The first frame saw Wada taking a big lead after smashing a number of right hands and knees into Hata's face, sending him to a knee. “DJ Taiki” held on to see a second period but was still largely foiled by Wada's wrestling. In a resounding comeback, the third round swung heavily back in Hata's favor after he floored Wada with vicious knees to the ribs and sternum, finishing the round on Wada's back.

Despite the last-round surge, it was too little to late for Hata, as judges Shoji and Serizawa gave their votes for Wada. Only judge Kimura saw the bout even. Post-fight, Wada entreated Shigeru Saeki for a shot at bantamweight champ Takafumi Otsuka next; the Deep boss appeared to agree it was in order.

T. Irei

Sakurai stopped Shibata.
Former Deep middleweight champ Ryuta Sakurai made things bloody against Katsuyori Shibata, opening a cut at the corner of the Dream veteran's eye with stiff jabs to start their bout. Sakurai dominated on top for the duration of the first round. A gory Shibata managed to hang on halfway through the second, but, again, Sakurai's takedowns and ground-and-pound proved effective, forcing referee Kimura to dive for the save at the 3:04 mark.

Things looked to be going well for Shuji Morikawa, who scored the takedown and back control early on Ryuta Noji. However an errant finger to Morikawa's left eye was followed by a bevy of Noji punches when the bout resumed. Morikawa's corner threw in the towel then, stopping the bout at 2:56 of the first.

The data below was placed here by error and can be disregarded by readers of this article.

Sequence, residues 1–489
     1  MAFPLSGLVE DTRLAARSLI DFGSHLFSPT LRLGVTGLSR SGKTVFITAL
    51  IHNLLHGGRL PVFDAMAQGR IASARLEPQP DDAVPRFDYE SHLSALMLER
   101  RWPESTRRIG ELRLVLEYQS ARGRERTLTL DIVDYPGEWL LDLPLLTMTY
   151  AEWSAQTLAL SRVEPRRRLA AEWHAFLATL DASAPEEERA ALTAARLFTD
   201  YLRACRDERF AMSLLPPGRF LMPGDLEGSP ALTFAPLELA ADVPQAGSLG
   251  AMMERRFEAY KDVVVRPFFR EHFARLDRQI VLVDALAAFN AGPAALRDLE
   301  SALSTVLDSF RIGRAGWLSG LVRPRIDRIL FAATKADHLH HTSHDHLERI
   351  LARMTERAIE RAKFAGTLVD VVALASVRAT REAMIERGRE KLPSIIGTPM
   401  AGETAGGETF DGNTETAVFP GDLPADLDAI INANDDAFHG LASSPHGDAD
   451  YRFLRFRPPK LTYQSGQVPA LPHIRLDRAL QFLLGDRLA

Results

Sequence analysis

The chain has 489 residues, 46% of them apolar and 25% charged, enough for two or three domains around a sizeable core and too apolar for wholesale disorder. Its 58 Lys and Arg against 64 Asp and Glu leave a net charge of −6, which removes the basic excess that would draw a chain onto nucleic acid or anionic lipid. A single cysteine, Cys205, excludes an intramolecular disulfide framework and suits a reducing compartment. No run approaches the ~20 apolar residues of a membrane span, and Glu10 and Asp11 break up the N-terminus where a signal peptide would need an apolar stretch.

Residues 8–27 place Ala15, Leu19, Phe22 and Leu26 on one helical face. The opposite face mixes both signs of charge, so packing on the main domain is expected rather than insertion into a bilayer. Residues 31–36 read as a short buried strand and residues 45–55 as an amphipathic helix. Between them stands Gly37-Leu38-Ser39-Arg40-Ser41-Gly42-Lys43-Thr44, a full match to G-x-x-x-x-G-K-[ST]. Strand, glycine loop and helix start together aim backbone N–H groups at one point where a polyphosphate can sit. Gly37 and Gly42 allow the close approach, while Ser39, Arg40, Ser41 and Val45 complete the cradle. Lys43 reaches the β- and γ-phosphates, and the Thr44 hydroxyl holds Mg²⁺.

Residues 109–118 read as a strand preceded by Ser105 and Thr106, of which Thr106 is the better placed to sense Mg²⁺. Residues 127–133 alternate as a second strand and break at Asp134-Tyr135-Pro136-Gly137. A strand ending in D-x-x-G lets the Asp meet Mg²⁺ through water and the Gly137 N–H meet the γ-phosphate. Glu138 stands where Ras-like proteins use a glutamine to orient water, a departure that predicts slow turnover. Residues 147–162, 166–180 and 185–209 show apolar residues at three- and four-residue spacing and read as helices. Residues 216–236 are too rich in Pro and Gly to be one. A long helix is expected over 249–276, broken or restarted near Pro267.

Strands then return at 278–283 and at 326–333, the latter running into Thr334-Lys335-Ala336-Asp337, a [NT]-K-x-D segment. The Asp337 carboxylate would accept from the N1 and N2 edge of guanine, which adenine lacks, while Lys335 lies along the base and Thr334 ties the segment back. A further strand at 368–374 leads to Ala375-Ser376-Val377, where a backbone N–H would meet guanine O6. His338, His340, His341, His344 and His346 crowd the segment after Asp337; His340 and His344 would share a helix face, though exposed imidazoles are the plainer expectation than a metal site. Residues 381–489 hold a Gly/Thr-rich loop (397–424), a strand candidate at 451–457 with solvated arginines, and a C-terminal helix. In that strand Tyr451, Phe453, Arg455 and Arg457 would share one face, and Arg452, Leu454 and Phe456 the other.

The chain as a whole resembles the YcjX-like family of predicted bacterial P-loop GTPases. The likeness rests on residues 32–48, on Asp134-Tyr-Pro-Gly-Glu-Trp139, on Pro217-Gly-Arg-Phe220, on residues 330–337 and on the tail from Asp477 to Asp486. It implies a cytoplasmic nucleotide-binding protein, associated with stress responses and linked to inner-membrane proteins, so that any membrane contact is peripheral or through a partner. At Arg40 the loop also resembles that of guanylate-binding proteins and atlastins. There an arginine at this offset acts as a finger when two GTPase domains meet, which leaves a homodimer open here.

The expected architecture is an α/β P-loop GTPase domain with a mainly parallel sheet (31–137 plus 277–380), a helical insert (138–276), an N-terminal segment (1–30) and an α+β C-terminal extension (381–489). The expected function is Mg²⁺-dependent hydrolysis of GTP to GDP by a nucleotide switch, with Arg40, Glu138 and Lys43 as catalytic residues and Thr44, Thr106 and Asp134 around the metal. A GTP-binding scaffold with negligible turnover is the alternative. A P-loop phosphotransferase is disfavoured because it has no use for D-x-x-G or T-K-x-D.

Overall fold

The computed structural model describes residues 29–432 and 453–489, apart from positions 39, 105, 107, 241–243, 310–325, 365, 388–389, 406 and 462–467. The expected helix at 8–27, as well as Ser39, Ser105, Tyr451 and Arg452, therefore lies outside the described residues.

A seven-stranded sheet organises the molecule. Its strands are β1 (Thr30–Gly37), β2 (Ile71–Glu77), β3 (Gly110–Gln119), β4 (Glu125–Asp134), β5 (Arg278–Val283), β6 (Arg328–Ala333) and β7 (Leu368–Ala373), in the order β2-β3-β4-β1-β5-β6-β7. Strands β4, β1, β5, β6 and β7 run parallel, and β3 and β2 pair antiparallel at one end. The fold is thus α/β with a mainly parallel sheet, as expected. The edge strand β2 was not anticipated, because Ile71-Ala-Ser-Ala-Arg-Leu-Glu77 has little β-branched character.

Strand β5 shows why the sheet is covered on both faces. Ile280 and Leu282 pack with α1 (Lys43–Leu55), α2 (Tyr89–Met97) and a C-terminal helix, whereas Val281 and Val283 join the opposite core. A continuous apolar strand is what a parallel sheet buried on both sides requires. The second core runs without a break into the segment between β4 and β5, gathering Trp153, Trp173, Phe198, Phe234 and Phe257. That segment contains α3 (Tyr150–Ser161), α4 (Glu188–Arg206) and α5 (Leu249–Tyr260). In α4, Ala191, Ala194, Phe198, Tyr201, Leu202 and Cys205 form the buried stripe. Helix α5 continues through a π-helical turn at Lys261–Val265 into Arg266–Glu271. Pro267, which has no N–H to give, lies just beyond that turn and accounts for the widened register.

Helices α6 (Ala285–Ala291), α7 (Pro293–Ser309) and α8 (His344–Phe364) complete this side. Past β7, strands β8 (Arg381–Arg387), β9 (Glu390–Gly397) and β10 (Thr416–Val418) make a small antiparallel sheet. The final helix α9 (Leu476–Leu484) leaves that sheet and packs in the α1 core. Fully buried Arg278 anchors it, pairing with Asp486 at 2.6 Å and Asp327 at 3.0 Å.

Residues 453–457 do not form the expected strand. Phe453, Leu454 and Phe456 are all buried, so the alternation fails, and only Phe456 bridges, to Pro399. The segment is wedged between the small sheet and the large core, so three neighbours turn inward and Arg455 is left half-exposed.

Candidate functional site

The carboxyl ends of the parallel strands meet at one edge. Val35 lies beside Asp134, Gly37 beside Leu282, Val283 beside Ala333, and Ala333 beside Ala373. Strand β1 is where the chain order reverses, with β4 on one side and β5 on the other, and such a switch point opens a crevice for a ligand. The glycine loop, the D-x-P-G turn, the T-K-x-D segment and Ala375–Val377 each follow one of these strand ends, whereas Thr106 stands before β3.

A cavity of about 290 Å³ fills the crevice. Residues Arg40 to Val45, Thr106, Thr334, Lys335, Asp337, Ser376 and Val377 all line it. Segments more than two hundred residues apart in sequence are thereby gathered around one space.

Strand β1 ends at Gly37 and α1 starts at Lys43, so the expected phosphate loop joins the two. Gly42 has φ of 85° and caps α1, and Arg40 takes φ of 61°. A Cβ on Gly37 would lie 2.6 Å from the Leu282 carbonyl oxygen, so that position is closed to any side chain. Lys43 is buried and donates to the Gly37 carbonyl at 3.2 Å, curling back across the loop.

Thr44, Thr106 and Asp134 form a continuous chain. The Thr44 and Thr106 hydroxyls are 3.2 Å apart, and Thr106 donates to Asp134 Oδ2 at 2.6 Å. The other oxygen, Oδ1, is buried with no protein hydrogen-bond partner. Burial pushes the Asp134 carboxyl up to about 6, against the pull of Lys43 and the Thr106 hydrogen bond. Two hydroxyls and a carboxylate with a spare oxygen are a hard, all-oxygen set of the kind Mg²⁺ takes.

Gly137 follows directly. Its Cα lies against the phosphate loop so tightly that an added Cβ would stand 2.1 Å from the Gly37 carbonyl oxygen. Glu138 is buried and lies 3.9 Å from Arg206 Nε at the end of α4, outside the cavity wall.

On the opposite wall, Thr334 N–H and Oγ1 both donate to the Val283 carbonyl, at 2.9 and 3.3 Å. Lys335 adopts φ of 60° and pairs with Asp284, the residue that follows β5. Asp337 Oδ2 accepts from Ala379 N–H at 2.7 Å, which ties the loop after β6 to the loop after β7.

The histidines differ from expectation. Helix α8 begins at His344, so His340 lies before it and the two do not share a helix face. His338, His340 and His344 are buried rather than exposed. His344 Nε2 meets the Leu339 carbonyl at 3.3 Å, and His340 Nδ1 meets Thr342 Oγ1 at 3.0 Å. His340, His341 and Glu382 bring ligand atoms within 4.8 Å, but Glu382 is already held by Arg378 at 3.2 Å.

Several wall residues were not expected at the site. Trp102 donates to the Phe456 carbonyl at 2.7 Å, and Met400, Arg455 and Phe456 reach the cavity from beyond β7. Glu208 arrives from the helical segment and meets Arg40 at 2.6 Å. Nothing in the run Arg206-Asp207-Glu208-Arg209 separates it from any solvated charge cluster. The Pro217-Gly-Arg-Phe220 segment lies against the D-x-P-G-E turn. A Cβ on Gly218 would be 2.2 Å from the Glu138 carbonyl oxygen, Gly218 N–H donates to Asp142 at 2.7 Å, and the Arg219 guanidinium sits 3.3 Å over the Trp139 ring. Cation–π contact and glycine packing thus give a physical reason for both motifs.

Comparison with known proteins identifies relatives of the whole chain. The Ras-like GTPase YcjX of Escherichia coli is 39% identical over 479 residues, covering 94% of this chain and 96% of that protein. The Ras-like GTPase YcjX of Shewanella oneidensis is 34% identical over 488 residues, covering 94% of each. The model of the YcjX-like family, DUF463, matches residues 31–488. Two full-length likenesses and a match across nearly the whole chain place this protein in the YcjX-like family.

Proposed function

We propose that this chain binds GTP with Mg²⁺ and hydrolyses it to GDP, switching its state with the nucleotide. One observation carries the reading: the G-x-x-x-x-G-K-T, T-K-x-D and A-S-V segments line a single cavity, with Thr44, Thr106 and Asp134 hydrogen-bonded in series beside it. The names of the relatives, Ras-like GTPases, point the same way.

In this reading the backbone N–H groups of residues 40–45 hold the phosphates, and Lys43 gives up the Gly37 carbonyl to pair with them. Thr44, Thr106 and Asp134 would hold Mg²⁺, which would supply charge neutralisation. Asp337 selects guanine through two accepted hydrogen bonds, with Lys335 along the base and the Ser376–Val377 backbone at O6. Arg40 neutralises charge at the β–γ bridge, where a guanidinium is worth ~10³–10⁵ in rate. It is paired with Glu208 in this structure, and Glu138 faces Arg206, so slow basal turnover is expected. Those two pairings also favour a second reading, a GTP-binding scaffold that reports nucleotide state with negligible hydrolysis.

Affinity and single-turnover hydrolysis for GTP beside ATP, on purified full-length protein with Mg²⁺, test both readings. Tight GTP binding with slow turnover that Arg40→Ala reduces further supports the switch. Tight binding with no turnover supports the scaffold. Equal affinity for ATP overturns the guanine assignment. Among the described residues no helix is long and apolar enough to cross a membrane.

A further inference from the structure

Proving himself an apt student of superlative grappler Keita "K-Taro" Nakamura, Motoki Miyazawa dominated Yasushi Kitazaki on the mat, forcing him to succumb to the rear-naked choke at 3:36 of the second period.

In just 27 seconds, K-1 veteran Yuki Niimura blasted Shunsuke Inoue with a big right hook, sitting him right down in a daze and forcing referee Akira Shoji to stop the contest.

Masato Kamaya took a majority decision over Tomohiko Hori on the strength of his takedowns. As both men matched each other with wild blows on the feet, it was ultimately Kamaya's repeated takedowns that won him the scorecards from judges Yoshinori Umeki and Samio Kimura. Judge Kenichi Serizawa gave the lone dissenting draw card.

Last but not least, Amanda Lucas, daughter of “Star Wars” creator George Lucas, put a sustained hurting on Hikaru Shinohara in the evening's sole women's bout. From mount, Lucas laid the ground-and-pound on thick for the duration of the opening round until transitioning to the armbar in the final minute.

Though her arm was hyper-extended, Shinohara refused to tap, prompting her corner to throw in the towel at 4:37 for the stop. Visibly distraught, Shinohara then shoved referee Kimura and her cornermen in protest before storming out of the ring in tears.